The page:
Carol also organizes a GNPS weekly walking group in Prospect Park. Everyone enjoys the exercise but, again, it’s the company that’s a major motivator.


Carol and Good Neighbors are a good fit. She has many interests and talents that she is happy to share and GNPS members are the lucky beneficiaries.

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Sandra Haber
Sandra Haber

Sandra Haber


Sandy with dog



We know dogs are intelligent and some are very intelligent, but in Sandra Haber’s story about Baxter, her family’s dog, they can even speak!


Baxter is on a mission to foster world peace through Esperanto, a language invented toward the end of the 1800s by Dr. Ludwik Zamenhof, an ophthalmologist living in what was then Poland. Zamenhof believed that if everyone could speak the same second language, people in different parts of the world would be able to understand one another and that would lead to better relationships and ultimately to international peace.


Sandy is now taking classes in Esperanto. She wrote her story to make people more aware of the continuing existence of the language and its goal.


Sandy was born and educated in Brooklyn. “As an undergraduate, I chose psychology,” Sandy says, “because it seemed to be a broad field and at that time,I wasn’t ready to make a commitment.” Later, once she became a psychologist and following the untimely death of a friend who died of cancer, she realized how much psychologists could contribute to helping cancer patients, their partners and children manage this illness. “I have had and continue to have a very rewarding career as a clinical psychologist of which this is just one significant part,” Sandy says.


“I see my career as being in two parts,” Sandy continued. “Early on, I was a striver. I wanted my professional life to be the best, the very best it could be.”


“Now, I see my life as being on a different track. I volunteered to help after 9/11 and I was stationed at Ground Zero, helping people deal with the horror of the event. Afterwards, like many other volunteers, I became very ill. As I was recovering, I decided to make some of my personal interests, in addition to my family, the center of my life.” (With husband Steve, Sandy has a blended family of five children and 11 grandchildren).” I didn’t want to give up my professional practice but was comfortable just doing things that I know I’ll never excel in but could give me pleasure.”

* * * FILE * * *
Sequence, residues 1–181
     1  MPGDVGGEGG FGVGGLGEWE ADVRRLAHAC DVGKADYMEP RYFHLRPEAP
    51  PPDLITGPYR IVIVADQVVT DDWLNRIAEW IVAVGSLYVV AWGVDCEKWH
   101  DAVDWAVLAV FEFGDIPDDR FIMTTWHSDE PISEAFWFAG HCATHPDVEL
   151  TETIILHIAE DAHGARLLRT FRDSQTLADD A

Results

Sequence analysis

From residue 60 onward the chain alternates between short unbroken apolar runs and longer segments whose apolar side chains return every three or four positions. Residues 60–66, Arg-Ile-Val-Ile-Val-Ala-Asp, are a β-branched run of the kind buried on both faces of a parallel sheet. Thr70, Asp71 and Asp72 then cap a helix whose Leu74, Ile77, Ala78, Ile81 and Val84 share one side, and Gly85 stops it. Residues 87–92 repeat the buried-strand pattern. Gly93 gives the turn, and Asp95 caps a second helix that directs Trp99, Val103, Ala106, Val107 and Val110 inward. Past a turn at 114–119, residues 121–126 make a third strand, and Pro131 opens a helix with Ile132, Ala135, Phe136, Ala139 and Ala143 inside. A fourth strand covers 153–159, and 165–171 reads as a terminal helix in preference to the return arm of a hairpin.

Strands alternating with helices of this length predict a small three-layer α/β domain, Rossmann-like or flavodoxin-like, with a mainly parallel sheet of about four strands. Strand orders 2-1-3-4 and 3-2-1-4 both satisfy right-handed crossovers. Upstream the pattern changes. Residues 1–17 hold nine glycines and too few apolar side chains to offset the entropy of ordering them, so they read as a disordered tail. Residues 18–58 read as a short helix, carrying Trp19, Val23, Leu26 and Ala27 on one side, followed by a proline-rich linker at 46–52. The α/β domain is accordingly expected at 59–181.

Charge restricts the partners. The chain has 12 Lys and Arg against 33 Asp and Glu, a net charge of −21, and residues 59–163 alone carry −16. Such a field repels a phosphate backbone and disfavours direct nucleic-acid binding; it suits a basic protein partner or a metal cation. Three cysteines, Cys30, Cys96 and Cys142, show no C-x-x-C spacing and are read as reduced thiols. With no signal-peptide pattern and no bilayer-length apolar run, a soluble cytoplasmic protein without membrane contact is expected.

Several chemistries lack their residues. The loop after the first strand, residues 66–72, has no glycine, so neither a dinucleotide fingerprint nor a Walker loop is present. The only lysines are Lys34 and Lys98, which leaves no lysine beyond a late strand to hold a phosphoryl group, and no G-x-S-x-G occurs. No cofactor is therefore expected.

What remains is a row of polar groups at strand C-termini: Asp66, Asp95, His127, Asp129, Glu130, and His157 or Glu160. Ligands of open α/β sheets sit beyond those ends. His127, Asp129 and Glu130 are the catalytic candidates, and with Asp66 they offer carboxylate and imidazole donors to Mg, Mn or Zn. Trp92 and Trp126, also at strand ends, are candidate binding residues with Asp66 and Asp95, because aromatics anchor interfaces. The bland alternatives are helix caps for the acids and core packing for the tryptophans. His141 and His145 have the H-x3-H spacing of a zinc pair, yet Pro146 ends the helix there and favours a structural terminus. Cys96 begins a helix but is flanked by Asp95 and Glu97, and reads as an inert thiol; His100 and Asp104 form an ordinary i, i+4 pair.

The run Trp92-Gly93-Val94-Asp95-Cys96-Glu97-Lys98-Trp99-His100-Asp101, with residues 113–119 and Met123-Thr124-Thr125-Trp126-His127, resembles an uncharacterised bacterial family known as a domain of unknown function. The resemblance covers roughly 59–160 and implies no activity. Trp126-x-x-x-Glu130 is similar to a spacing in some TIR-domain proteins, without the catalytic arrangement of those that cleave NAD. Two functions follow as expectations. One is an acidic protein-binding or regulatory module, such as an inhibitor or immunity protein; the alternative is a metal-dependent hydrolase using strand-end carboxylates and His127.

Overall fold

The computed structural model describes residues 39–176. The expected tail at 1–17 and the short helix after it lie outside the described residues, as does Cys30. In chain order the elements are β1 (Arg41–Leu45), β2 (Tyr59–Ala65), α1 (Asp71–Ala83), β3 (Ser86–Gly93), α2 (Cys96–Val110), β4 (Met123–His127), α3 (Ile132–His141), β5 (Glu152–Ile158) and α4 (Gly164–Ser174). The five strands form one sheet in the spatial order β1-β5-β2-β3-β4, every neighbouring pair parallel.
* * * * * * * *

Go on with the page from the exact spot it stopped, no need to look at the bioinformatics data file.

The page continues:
At the time, the 92 nd Street Y was offering singing classes. “The publicity about the class said everyone can sing if they really want to. I wasn’t so sure so I took the class three times! After that, I signed up to be part of Pete Seeger’s Walk-about Clearwater Chorus. He believed everyone could sing too. So, when Good Neighbors asked for suggestions about new groups, I wrote down ‘folk singing', and, of course, I was then asked to lead the group. We have two kinds of singers: those who are enthusiastic but don’t have the greatest voices and those who are enthusiastic and do have good voices. As I’m in the former group. I think my limitation relaxes us all and we have a very good time.”


“At the same time, I began to learn the guitar and have hosted a once-a-week guitar group for several years. Like the folk singing group, we’re supportive of one another and enjoy playing together.”


“But my greatest interest right now is Esperanto. Hence the book, ‘Baxter Speaks.’ I decided to take lessons on Zoom at the beginning of the Covid pandemic. Students come from all over the world. I’m not a great linguist, so it isn’t easy. But I enjoy being part of a movement supported by people from many different countries who share Zamenhof’s dream. About two million people worldwide speak Esperanto and I’m hoping that someday I’ll be one of them.“


Sandy may not call herself a striver anymore but most people would say she savors life to the full. And in working to spread the adoption of Esperanto, she has put her amazing energy into a goal for humanity rather than herself.

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Linda Brown
Linda Brown

Linda Brown


linda for meet our member